While financial incentives to adopt team-based care are mounting, little is known about how leaders of primary care organizations make decisions regarding medical staff configurations. This study explores perceptions of CEOs of community health centers (CHCs) that have a variety of staff configurations. We used the 2012 Uniform Data System to identify a maximum variety sample of CHCs with unusually high proportions of advanced practice providers, nurses, medical assistants, case managers, or community health workers. We conducted semistructured interviews with CEOs at 19 selected CHCs about factors that influenced their medical staff configuration decisions. We found that CEOs considered two major dimensions in their decisions: choice and balance of providers (physicians versus nurse practitioners [NPs] and physician assistants [PAs]) and configuration of clinical support staff. Across these decision domains, CEOs consider contextual issues (e.g., local labor supply, wage gaps between professions, scope of practice regulations, local payment policies, and institutional history), as well as their own perceptions of individual attributes, the quality of specific professions, and the likelihood of retention. Strong preferences emerged for a balance among physicians and NPs/PAs and the inclusion of nurses with “stackable” degrees. This study provides a preliminary framework for understanding how CEOs at CHCs weigh staffing options in a variety of contexts. This framework can serve to inform research on the comparative effectiveness of different staffing configurations and improve national and state workforce projection models.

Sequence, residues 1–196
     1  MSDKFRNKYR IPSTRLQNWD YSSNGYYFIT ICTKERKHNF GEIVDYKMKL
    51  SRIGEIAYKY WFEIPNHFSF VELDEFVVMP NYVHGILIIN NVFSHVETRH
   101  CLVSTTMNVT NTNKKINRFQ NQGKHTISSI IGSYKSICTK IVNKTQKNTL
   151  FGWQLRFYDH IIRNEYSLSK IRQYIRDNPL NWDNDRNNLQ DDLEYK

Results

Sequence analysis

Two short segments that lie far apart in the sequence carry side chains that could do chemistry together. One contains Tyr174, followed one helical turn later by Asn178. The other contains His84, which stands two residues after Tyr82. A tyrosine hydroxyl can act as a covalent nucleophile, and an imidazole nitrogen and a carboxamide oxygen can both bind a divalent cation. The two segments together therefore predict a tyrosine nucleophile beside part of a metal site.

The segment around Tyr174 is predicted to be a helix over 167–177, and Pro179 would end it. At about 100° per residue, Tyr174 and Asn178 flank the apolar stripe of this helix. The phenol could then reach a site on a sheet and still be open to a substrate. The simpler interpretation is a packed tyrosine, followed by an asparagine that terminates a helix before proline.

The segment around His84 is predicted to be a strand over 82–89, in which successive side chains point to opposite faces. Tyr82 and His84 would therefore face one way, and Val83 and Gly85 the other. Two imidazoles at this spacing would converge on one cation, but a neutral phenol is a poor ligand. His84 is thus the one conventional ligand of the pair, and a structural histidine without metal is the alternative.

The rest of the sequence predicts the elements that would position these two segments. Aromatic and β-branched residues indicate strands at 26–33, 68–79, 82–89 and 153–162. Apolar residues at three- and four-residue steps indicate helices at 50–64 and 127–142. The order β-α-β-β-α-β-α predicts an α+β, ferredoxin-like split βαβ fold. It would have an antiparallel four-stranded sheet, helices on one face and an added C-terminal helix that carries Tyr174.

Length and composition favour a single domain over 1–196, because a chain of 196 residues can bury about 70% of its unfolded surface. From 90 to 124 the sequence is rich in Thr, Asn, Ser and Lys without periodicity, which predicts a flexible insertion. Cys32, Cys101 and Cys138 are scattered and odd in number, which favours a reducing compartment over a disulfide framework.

Authors:Pittman P, Masselink L, Bade L, Frogner BK, Ku L
Journal/Publisher:Journal of Healthcare Management
Edition:Sep 2016. 61(5):364-377
Link to ArticleAccess the article here: Journal of Healthcare Management
Citation:Pittman P, Masselink L, Bade L, Frogner BK, Ku L. Factors Determining Medical Staff Configurations In Community Health Centers: CEO Perspectives. Journal of Healthcare Management. Sep 2016 61(5):364-377